Headline News Hires Glenn Beck

Conservative radio talk host Glenn Beck is joining CNN’s Headline News.

Photo: Glenn Beck is heard on about 200 radio stations.CNN Headline News is continuing to bet its future success on opinionated chat shows, this time by hiring an up-and-coming conservative radio host for a new prime time program. The upcoming addition of Glenn Beck, who is heard on about 200 radio stations, is the latest of several major changes at Headline News. In a move away from its heritage of showing a nonstop succession of half-hour news updates, the Atlanta-based network is focusing on shows meant to keep viewers watching longer.

The best-known and most successful effort has been the creation of “Nancy Grace,” a legal debate show that launched in February 2005, starring a fiery former Fulton County prosecutor. Love her or hate her, Grace has nearly tripled Headline News’ ratings in the 8 p.m. time slot.

The network wants more of that sort of success and believes Beck, with his strong views, fits the Grace mold.

I’ve listened to Beck’s radio show a few times and he is controversial without veering into Michael Savage territory. Media Matters, perhaps not surprisingly, disagrees on this score and provides some examples of his more outrageous comments. Most, even on their surface, are perfectly defensible.

I’m not sure I understand CNN-HL’s new business philosophy but, then, I long ago stopped watching that that channel and much television news in general. This appears to be working for them, as the ratings boost from Grace’s program (which I have never seen) indicates.

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James Joyner
About James Joyner
James Joyner is Professor and Department Head of Security Studies at Marine Corps University's Command and Staff College and a nonresident senior fellow at the Scowcroft Center for Strategy and Security at the Atlantic Council. He's a former Army officer and Desert Storm vet. Views expressed here are his own. Follow James on Twitter @DrJJoyner.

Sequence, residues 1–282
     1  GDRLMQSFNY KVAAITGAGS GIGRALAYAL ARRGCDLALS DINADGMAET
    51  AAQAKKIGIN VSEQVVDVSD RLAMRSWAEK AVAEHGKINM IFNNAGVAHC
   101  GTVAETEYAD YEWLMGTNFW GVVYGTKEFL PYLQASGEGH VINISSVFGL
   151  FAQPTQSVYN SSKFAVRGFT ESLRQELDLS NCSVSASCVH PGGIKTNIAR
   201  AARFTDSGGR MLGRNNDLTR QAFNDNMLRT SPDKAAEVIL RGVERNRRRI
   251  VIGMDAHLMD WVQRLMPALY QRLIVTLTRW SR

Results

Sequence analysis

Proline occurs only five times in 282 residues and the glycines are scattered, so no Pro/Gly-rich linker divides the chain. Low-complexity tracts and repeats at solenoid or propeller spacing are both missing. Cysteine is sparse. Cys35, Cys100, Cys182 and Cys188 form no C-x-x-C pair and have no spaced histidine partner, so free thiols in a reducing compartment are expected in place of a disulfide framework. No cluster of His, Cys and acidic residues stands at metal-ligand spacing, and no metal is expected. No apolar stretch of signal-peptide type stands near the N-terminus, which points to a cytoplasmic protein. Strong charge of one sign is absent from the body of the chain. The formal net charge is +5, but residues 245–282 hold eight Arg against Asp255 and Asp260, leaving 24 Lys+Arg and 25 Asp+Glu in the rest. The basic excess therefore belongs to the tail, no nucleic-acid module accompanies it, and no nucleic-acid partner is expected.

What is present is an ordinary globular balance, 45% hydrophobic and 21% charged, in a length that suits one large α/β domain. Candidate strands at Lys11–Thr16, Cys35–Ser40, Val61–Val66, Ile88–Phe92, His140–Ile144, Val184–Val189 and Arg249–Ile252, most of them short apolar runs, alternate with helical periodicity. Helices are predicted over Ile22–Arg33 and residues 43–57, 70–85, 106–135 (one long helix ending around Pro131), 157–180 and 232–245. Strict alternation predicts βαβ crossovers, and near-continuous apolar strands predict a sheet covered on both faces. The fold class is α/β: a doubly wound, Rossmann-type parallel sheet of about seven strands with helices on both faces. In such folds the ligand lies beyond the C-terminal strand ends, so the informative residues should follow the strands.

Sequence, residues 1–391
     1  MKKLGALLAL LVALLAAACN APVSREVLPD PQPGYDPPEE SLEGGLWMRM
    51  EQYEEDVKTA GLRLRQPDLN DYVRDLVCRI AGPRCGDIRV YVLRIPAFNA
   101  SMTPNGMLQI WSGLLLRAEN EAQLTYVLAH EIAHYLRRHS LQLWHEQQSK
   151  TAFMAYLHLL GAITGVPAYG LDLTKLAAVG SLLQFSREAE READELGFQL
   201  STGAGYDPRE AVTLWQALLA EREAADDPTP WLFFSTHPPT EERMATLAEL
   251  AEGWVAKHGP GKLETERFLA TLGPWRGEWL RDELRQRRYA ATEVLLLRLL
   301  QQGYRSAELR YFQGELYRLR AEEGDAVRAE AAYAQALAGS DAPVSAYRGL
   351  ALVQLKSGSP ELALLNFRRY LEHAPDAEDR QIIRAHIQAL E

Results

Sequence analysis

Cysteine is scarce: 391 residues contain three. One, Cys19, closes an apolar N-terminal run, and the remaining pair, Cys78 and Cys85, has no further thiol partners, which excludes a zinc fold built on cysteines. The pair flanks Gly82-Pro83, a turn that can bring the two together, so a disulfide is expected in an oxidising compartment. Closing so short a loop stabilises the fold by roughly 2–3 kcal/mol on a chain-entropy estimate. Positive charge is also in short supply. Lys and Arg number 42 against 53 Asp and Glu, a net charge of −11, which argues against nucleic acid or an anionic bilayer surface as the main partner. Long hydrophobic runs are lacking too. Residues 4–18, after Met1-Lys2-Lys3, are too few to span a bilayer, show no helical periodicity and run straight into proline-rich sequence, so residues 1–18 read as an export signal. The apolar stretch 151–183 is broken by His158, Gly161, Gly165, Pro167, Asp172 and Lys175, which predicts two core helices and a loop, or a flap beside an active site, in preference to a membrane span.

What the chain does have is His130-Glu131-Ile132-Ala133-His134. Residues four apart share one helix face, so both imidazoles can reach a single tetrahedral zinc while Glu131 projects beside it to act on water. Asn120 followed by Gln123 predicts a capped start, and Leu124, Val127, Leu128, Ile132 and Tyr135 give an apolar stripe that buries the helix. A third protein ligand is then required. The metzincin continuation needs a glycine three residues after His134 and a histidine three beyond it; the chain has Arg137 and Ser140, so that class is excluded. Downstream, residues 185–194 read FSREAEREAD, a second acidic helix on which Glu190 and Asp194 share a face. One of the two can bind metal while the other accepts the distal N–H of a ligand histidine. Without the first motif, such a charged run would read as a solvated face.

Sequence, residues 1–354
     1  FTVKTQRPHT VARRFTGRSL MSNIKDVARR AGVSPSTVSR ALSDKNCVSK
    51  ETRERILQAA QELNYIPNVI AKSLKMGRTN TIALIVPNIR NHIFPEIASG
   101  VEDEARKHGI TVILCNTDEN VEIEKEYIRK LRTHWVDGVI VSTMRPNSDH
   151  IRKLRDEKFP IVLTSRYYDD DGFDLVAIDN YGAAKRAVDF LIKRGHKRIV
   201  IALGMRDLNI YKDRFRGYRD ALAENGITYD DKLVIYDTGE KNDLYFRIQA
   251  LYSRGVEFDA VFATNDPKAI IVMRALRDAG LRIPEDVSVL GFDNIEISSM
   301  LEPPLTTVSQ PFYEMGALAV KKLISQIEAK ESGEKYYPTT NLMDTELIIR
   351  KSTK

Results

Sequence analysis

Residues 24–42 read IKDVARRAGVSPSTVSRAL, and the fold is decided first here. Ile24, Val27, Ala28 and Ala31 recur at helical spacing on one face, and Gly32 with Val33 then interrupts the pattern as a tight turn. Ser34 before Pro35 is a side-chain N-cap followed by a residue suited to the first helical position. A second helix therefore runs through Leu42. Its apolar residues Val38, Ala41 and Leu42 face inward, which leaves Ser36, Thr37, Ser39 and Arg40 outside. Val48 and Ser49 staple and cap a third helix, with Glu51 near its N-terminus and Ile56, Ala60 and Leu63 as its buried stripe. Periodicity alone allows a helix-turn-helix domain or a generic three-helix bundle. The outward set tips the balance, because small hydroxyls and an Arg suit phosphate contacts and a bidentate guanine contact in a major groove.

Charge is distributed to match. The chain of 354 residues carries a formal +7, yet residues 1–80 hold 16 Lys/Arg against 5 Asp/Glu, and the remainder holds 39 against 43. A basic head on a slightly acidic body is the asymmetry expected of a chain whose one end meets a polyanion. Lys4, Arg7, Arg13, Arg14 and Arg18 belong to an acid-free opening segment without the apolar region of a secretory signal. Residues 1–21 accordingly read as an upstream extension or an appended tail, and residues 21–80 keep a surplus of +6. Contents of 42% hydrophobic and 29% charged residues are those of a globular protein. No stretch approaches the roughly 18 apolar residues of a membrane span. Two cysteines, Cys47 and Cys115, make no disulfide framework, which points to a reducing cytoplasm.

Comments

  1. Two words: Andrea Thompson.

  2. James Joyner says:

    But they hired Thompson to be a news reader back when they were doing the 30 minute loop format. Given that she had to keep her clothes on at all times, her talents were not put to good use.

    On the other hand, they’re apparently hiring Beck to be a talking head. He’s been successful at that on the radio so it’s not inconceivable that he could translate those skills to TV.

    The better example might be Rush Limbaugh, whose short-lived TV show was an awkward Reader’s Digest version of the radio program.

  3. Grogh says:

    “The better example might be Rush Limbaugh, whose short-lived TV show was an awkward Reader’s Digest version of the radio program.”

    The main reason Limbaugh’s TV show was awful was because it was produced at the height of his drug abuse. I remember at the time thinking that he had the mannerisms of alot of speed addicts I have known in the past. After learning that he was a heavy drug user, it made sense.

    You can hide that stuff MUCH easier on the radio–when he hit TV, it was clear something was wrong.

  4. Just Me says:

    I listened to his show for a few years, up until I started working full time again-now I catch it here and there.

    Beck likes to be politically incorrect-although it isn’t in a sleazy way, but I am not sure he is going to translate well to TV. I enjoy listening to talk radio, but admit I don’t do much TV watching and probably wouldn’t make much effort to watch this either.

  5. McGehee says:

    The main reason Limbaugh’s TV show was awful was because it was produced at the height of his drug abuse.

    I don’t think so. The timeline of Limbaugh’s painkiller addiction doesn’t stretch back that far.